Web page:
THE SAD TALE OF THE
Bonus Marchers on the Capitol Steps
Following World War I, the U.S. federal government anticipated that its war-risk insurance plan would adequately protect American soldiers and sailors who had served during the war, and that there would be no demand for compensation to those who had suffered no injury during their service in the army or navy. In 1924, however, Congress enacted a law, over the veto of President Calvin Coolidge, providing for a system of adjusted compensation based on length of service, with a distinction made in favor of service overseas. Under this plan, veterans entitled to receive $50 or less were to be paid in cash; those entitled to receive more than $50 were to receive certificates maturing in 20 years.
How much was the bonus?
Veterans up to the rank of major with at least 60 days service each received a dollar for each day of domestic service up to $500 and $1.25 for each day of overseas service up to $625. The bond that each received in 1924 (in lieu of cash) would accumulate compound interest, resulting in an average payment of about $1,000 for each veteran in 1945.
In order to meet full payment of these certificates when they matured in 1945, Congress provided that a trust fund be created through the appropriation of twenty annual installments of $ 112 million each. This would yield a total of $2.24 billion. Interest compounded annually would increase this sum approximately to the amount required to meet the face value of the certificates at maturity. By April 1932, there were 3,662,374 of those certificates outstanding, bearing an aggregate face value of $3.638 billion. By this time eight annual installments of $ 112 million had been paid into the fund by Congress, making a total of $896 million, and accrued interest had added $95 million, bringing the fund to $991 million.
Children at the Marchers' "City"
However, because of the national depression, in 1931 Congress expanded the privilege of borrowing with an amendment adopted over the veto of President Herbert Hoover, increasing the loan value of the certificates from 22 1/2 per cent to 50 per cent of face value.
By April 1932, loans amounting to $1.248 billion were outstanding. The difference between this figure and the total face value of the certificates, $3.638 billion, was $2.390 billion. This was the additional sum which the veterans would receive if Congress, again over the President's veto, approved a new proposal for immediate redemption of the certificates at face value, thirteen years before maturity in 1945.
This early redemption capability came to be referred to by members of Congress and veterans groups as a bonus, and during the early months of 1932 the bonus was a topic of ongoing discussion in the legislature. Because of the opposition of President Hoover and many senators and members of the House, due primarily to the fact that the country was trying to work its way out of the depression and this action would put a severe strain on the federal budget, veterans groups began to organize around the country with the idea of marching on Washington, D.C. to press their demands.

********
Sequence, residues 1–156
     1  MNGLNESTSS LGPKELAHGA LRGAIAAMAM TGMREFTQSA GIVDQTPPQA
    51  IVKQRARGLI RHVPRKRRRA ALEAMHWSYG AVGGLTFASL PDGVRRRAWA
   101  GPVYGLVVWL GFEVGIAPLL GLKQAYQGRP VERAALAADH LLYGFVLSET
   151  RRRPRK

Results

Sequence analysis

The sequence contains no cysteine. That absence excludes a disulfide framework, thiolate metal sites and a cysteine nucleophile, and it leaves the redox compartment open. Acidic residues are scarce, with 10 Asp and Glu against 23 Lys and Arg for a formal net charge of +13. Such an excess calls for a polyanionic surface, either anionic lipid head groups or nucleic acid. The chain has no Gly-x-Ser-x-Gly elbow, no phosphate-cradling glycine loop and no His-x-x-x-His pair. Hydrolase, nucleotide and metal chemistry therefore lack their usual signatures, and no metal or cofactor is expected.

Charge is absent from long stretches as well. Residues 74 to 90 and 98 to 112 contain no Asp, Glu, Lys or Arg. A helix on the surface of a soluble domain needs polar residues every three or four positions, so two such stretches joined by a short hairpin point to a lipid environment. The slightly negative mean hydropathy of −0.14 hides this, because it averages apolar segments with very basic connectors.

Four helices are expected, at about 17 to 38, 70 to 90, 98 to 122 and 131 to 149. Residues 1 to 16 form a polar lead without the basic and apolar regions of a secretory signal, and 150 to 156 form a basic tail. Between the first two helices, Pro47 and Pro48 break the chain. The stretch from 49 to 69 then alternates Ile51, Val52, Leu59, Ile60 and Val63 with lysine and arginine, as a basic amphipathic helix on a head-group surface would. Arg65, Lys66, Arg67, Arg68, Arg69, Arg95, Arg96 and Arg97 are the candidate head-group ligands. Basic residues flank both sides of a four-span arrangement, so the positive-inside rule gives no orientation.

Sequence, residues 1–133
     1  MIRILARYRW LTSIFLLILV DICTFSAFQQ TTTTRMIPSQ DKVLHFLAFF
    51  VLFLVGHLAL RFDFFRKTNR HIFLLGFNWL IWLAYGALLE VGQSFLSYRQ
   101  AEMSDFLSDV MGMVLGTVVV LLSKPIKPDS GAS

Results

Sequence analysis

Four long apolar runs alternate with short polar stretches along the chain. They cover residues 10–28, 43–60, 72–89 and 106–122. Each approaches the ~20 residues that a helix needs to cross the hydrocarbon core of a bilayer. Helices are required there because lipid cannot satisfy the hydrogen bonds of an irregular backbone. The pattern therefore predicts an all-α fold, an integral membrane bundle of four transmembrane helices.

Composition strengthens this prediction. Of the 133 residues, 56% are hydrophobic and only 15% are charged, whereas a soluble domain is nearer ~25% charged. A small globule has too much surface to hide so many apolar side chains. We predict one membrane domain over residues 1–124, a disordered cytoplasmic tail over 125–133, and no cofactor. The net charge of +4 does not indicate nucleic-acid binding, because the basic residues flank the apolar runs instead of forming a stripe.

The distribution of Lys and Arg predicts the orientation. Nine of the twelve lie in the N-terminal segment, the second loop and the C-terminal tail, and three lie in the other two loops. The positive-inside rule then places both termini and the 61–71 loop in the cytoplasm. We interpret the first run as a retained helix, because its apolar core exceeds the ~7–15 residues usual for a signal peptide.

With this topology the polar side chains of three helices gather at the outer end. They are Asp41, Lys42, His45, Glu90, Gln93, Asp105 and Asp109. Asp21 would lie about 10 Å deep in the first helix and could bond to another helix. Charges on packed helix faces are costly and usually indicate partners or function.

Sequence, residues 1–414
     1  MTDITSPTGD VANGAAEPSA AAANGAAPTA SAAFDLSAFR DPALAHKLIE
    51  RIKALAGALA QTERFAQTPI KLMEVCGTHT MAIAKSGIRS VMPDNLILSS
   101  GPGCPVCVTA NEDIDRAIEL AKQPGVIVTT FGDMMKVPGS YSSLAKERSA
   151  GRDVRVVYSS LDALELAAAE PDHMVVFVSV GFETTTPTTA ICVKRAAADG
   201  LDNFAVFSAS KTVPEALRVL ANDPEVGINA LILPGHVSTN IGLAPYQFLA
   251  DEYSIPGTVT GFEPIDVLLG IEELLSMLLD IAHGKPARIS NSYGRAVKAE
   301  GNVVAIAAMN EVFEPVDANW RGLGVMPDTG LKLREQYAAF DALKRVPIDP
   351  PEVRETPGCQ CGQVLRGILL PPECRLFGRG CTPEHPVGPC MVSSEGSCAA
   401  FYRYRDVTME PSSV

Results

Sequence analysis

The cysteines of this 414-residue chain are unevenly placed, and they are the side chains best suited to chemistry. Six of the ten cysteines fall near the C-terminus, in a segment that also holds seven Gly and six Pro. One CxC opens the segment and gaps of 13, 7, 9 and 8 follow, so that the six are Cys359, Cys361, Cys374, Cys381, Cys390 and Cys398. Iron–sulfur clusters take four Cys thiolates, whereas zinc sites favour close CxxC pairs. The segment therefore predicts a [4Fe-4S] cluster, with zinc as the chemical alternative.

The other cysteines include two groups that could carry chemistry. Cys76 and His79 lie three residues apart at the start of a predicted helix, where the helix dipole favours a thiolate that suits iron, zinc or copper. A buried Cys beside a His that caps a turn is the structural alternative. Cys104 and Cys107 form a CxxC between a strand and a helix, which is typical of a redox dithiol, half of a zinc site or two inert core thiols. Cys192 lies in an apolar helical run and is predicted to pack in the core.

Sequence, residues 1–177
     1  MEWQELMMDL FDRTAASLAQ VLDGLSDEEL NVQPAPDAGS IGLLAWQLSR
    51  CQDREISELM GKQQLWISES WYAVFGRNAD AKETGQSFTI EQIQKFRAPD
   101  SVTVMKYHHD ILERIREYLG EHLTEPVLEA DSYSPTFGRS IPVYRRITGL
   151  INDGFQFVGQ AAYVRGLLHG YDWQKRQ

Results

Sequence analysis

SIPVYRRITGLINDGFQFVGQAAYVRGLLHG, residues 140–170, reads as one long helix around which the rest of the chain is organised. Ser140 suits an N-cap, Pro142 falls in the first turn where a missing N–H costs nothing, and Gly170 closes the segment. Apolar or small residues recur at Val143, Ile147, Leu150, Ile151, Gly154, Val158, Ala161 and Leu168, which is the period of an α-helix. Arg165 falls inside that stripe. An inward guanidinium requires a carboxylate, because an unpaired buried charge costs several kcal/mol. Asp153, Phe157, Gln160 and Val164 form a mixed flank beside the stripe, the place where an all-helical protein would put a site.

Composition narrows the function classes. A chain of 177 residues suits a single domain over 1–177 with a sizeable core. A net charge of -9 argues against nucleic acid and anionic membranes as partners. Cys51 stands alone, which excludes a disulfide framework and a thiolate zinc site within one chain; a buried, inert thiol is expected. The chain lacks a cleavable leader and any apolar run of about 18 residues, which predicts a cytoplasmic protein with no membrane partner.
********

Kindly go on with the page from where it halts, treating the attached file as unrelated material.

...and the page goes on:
Marchers' Camp Burned
Beginning in May, 1932, groups of World War I veterans began difficult journeys across the country, traveling in empty railroad freight cars, in the backs of trucks, in cars, on foot and by any other means that became available. By mid-June it was estimated that as many as 20,000 veterans and some family members had arrived in Washington, and were camping out, often in dirty, unsanitary conditions, in parks and military bases around the city, depending on donations of food from a variety of governments, churches and private citizens. On June 16, the House passed the bonus bill by a vote of 209-176, but on June 18, the Senate defeated the bill 62-18.
At this point, the federal and district governments began to make arrangements to force the veterans to go home, but very few accepted the offer, vowing to stay until they received their bonus. Throughout July the veterans, known as the Bonus Expeditionary Force, continued to hold marches and rallies despite the fact that they were receiving ultimatums to leave, with the White House proposing use of troops to force an evacuation.
Then on July 29,1932, troops did storm several buildings that the
veterans were occupying as well as their main camp, setting tents on fire and forcing an evacuation. When it was over, one veteran had been killed and about 50 veterans and Washington police had been injured in various confrontations. Over the next several months, a much smaller group of Bonus Expeditionary Force members continued to pressure Congress, and in May 1933 about 1,000 veterans marched again on Washington. Newly-elected President Franklin Roosevelt also opposed the bonus but demonstrated
his concern for the unemployed veterans by issuing an executive order permitting the enrollment of 25,000 of them in the Citizens' Conservation Corps for work in forests. When the veterans realized that President Roosevelt would also veto the bonus bill but was offering an alternative solution they gradually backed away from their demands, and the issue of the veterans' bonus eventually faded from the news.
Chief of Staff Douglas MacArthur and President Herbert Hoover Suffered Irreversible Damage to their Reputations after the Affair.
A footnote: The break-up of the Bonus Army in Washington was conducted by Army Chief of Staff and World War I veteran Douglas MacArthur, assisted by Majors George Patton and Dwight Eisenhower. MacArthur is considered to have exceeded President Hoover's intentions [and possibly his explicit instructions] with his heavy-handedness. MH